If we knew the probability of detecting an animal we could divide the estimate of density by this, thus inflating the according to this probability of detection. We would then have the following estimator:
$$\hat{D} = \frac{n}{2wKl\hat{p}},$$
where is the probability of detecting an animal at any distance from the transect. For simplicity’s sake let us say we have estimated that = 0.5981, we can then use the above estimator to obtain = 512 animals in the area. The rest of this chapter (and the distance sampling literature) focuses on models for .

Two important pieces of information that must be collected have been mentioned so far: number of animals observed (counts) and distances to the animals. A third and equally important piece of information is the effort expended – how large an area was covered by the observers during the survey. It is essential that effort is collected and recorded accurately, otherwise abundance will be estimated incorrectly (as the denominator in our equations will not be correct). When thinking about line transects we use the term “effort” to refer to the total length of lines that we survey, as this is fixed once the survey has been carried out (w may be changed during the analysis).

Point transects

So far we have only talked about line transects. Rather than walking along lines we might prefer to stand at a point for some period of time and count how many animals we see or hear in that period of time. Such counts are common for avian studies as it’s often easier to hear small birds than see them in dense forest and hearing can be degraded while observers are walking. It is also the case that multiple species are detected. Therefore the observer must be able to make a determination of species, measure the distance from the point to the bird, and record information about species and distance in a short amount of time. Consequently, relieving the observer of the process of navigation during all of this leads to the idea of the observer remaining roughly stationary at a point while collecting data.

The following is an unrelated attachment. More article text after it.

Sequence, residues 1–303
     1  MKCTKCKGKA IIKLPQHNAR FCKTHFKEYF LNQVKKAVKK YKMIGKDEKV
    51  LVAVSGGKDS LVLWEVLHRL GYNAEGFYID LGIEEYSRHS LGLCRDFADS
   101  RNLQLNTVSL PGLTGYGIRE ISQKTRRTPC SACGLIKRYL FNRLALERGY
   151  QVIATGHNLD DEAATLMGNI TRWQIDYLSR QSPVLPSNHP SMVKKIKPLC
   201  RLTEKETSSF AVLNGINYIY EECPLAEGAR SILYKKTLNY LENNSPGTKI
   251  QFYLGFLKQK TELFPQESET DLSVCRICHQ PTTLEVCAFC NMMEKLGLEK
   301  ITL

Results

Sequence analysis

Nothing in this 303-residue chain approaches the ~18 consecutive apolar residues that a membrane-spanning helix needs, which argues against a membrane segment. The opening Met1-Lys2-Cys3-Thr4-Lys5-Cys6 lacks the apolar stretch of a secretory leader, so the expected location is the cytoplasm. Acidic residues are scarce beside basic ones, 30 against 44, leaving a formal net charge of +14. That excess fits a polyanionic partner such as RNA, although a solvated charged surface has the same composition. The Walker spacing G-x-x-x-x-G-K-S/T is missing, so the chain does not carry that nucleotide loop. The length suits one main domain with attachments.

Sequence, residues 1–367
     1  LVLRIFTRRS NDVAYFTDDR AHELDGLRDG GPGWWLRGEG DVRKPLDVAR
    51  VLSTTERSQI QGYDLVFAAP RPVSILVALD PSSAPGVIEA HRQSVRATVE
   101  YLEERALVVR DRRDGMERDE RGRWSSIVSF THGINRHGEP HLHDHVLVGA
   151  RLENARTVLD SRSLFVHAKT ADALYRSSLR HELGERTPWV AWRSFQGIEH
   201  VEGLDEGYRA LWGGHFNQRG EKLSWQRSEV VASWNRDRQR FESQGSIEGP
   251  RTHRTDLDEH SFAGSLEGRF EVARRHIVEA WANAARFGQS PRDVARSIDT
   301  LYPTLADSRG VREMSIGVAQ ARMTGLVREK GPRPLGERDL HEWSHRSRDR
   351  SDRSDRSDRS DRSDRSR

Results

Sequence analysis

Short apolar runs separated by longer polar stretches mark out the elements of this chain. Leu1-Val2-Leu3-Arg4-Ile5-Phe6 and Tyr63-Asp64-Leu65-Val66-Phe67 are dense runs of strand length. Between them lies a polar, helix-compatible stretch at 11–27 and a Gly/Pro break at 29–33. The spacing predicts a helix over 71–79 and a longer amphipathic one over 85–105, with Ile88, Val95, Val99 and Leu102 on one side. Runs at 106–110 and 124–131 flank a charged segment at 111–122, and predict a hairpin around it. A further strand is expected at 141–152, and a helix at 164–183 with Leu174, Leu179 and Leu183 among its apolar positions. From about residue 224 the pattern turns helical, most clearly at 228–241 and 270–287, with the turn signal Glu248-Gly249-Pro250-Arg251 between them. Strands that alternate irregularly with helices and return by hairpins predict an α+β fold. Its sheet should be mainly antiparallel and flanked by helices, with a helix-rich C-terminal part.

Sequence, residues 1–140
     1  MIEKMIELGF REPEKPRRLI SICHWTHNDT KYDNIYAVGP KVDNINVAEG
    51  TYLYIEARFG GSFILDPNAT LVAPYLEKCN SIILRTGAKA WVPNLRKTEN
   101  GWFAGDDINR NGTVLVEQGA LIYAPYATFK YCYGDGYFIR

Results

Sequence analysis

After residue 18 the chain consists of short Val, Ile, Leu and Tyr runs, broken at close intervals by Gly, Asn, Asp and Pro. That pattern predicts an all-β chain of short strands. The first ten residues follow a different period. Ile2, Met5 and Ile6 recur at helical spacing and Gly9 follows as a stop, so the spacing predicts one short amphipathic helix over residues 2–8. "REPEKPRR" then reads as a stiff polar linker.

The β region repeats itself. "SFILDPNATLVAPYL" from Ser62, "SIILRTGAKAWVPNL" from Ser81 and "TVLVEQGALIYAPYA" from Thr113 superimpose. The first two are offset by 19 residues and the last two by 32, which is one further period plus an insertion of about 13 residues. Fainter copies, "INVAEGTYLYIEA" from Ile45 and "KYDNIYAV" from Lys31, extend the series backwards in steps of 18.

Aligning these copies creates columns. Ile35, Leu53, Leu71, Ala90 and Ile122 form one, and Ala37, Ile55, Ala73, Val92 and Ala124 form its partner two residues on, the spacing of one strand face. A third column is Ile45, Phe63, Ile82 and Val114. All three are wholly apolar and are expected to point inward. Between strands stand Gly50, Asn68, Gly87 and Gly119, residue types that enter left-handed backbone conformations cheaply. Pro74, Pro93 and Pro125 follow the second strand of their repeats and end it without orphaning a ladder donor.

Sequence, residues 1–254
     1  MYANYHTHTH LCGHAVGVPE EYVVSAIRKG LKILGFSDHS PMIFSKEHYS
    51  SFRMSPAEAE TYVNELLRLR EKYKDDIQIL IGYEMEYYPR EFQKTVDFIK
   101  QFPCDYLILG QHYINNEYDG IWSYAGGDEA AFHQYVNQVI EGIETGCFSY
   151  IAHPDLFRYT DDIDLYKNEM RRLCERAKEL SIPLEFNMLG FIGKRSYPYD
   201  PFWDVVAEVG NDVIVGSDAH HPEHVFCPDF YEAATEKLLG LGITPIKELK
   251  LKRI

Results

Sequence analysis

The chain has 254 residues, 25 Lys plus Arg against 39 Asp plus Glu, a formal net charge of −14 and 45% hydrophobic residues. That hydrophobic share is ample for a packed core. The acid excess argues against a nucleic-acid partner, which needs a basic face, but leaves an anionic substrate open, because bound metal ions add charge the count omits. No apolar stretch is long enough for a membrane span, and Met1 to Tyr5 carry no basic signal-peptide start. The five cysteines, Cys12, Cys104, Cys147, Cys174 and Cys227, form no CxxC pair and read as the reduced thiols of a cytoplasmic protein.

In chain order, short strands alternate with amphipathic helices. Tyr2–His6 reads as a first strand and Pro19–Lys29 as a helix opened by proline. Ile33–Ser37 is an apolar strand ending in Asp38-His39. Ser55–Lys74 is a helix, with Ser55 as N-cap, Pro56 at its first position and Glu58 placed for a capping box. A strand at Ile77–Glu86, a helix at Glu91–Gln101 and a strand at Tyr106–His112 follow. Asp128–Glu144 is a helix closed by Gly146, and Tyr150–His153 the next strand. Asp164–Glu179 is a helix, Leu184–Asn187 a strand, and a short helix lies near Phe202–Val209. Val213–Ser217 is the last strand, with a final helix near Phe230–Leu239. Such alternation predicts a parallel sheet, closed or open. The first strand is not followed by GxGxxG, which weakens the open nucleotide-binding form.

Going back to our simulated example, we will pick out 6 points to sample. At each point we again assume that detectability decreases with distance.

Looking at the histogram of distances:

hist(detected_distances,xlab="Distance",main="")

As we saw with the line transects, the point transect distances see a similar drop-off in frequency with increasing distance. However, unlike the line transects we also see an increase as distance increases up to around 0.03. The shape of the histogram is down to two competing processes during sampling: